Monday, 17 April 2017

Lubaina Himid - Invisible Strategies


'It would seem to me that museums contrive to do a great disservice to Black People. These palaces of culture are charnel houses full of stolen goods, where the treasures of Black heritage and creativity are hoarded, neglected and ultimately wasted... Until the stolen goods are returned and until we take the space to chronicle our own experience as we find it, to honour those who have gone before and encourage our children, there will be nothing great, honourable, honest or decent about the Museum'.




Invisible Strategies, Lubaina Himid,






at Modern Art, Oxford.





'I am not a painter in the strictest sense... I am a political strategist who uses a visual language to encourage conversation, argument, change'.





Hamid is one of the pioneers of the British Black Arts Movement that emerged in the early 1980s. Across a thirty-year career, she has strived to make visible the forgotten black subjects of our collective history. She uses her work to raise important issues with her audience.

Himid takes back the control of meaning by generating new types of images, and offering new perspectives on old narratives. Small details, such as a classical column, a coastline, a beach hut or vibrant textile pattern, stand in for epic histories, crimes omitted, and lives lived. At times satirical, mournful and humorous, her artworks challenge the implicit bias of patriarchal society. Himid's painting celebrates individual lives and anonymous journeys, while also operating as a critique of those forces that have continuously - and often imperceptibly - perpetuated a singular viewpoint of the history of art that is dominated by white European cultural producers. Her work invites us to question our preconceptions of the world by reasserting the importance of marginalised histories and visual cultures.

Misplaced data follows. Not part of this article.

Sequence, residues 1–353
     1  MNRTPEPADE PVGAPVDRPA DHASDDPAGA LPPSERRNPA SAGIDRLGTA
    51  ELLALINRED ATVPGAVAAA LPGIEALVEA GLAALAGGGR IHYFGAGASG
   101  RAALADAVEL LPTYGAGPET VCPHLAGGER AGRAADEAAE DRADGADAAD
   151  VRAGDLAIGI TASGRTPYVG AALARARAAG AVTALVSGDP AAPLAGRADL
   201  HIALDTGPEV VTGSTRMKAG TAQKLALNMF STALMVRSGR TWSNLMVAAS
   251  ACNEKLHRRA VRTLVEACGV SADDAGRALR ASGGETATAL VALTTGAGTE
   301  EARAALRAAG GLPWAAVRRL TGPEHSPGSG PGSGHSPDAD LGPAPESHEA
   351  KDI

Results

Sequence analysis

'The point I am often exploring vis-à-vis the black experience is that of being so very visible and different in the white Western everyday yet so very invisible and disregarded in the cultural, historical, political or economic record of history'. Her work calls for recognition of the centuries-long contribution of people from the African diaspora to Western culture. Her project recovers neglected histories and overlooked material cultures: erased communities and their stories are given voice through objects, texts and images. She seeks to acknowledge, value and commemorate the many unnamed, unrecorded individuals who were victims of the transatlantic slave trade and asks us to view this painful history in light of present day conditions. She negotiates appropriation, storytelling, abstraction and influence by employing the principles of montage, over-painting and juxtaposition.




Zanzibar - Sea: Wave Goodbye Say Hello, 1999, (acrylic paint on canvas)





Freedom and Change, 2016, (acrylic on canvas)





The Source of the Tears is Long Run Dry, 2016, (acrylic on canvas)





Freedom and Change, 1984, (plywood, fabric, mixed media, acrylic paint)

In this early work Himid appropriates the female figures from Pablo Picasso's Two Women Running on the Beach (The Race) (1922), which became the design for the drop curtain of the Ballets Russes production of Le Train Blue in 1924, and depicts them as black women, elegantly and humorously subverting a work of 20th century European painting, to suggest alternate perspectives and protagonists. The materials of Freedom and Change are those used for theatrical stage scenery, and as the artist has explained: 'I trained as a theatre designer and have always been interested in how performance can be an agent for political change.